The processes of coactivation, integration, and competing activation theorized in KReC are not accessible to the reader. However, the product of those processes ought to be accessible. In the present study, we directly connected processes inferred during a think-aloud and a sentence reading time methodology (Magliano & Graesser, 1991). The results from this analysis demonstrated that the reading time slow-down on the correct outcome sentence obtained in the nonrefutation control condition in Experiment 2 was directly predicted by increased frequency of metacognitive comments in Experiment 1. These metacognitive comments may also be the product of validation processes. Validation is often defined as the monitoring of information consistency during comprehension (e.g., Richter, 2015; Singer, 2013). Readers routinely validate information against prior knowledge or prior text without being instructed to do so (Isberner & Richter, 2014; Richter & Maier, 2017). Presumably, validation follows the activation and integration of information during comprehension in a parallel, asynchronous fashion (Cook & O’Brien, 2014). Thus, validation has the potential to contribute to knowledge revision or its failure (Kendeou, 2014). However, methodologies with higher spatial and temporal precision (e.g., eye tracking) than those used in the present study will be needed to examine this issue.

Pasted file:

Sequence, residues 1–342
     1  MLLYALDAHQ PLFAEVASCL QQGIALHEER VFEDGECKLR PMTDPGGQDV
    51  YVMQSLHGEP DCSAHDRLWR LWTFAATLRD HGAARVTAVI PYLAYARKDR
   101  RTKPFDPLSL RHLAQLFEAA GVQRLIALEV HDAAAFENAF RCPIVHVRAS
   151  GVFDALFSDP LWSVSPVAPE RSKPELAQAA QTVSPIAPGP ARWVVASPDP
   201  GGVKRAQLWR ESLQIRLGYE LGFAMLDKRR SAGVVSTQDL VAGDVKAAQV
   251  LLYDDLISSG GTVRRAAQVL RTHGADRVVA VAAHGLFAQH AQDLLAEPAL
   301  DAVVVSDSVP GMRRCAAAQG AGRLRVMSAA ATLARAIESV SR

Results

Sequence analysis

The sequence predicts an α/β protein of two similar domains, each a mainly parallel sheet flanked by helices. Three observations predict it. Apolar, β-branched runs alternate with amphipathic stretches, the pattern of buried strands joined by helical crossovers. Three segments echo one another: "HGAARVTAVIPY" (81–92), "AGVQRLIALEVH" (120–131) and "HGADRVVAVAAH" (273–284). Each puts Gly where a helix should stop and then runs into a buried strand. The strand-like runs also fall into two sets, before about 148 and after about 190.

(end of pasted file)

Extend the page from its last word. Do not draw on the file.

The present study also demonstrates how the use of the three-pronged method (Magliano & Graesser, 1991) can be applied in the context of knowledge revision. Combining think-aloud and sentence-by-sentence reading methodologies is important because each of these has strengths and limitations. Think-aloud procedures provide rich information regarding the specific content of processing, but they always run the risk of changing readers’ naturalistic processing and overall comprehension (Fox, Ericsson, & Best, 2011; Schooler, 2011). To reduce the probability of changing readers’ comprehension, we provided general prompts (e.g., What are you thinking right now?) and opportunities to practice thinking aloud before reading the texts. Thus, when evaluating the processes inferred through think-aloud, one needs converging evidence to ensure that the self-reported reading activities are not elicited by the procedure itself and hence are part of spontaneous reading (for a review, see Ericsson & Simon, 1993). This converging evidence can be obtained via a less obtrusive method, such as sentence reading times. Sentence-by-sentence reading is sensitive to initial stages of comprehension and memory access. Because each sentence is presented in isolation, any disruption in comprehension from earlier portions of the text can only be resolved through memory processes. Combining these methodologies with careful text design allows for both the description of the actual processes during reading and the evaluation of the extent to which they occur moment-by-moment. We demonstrated the convergence of these processes in the present investigation by connecting think-aloud and reading-time data obtained from two independent samples. Indirect evidence was obtained by qualitatively comparing the patterns of results across the two experiments, whereas direct evidence was obtained by predicting reading times from think-aloud data on the correct outcome sentence and statistically comparing posttest scores across experiments. Direct and indirect evidence suggests convergence and rather minimal influences of the think-aloud methodology on the cognitive processes under investigation.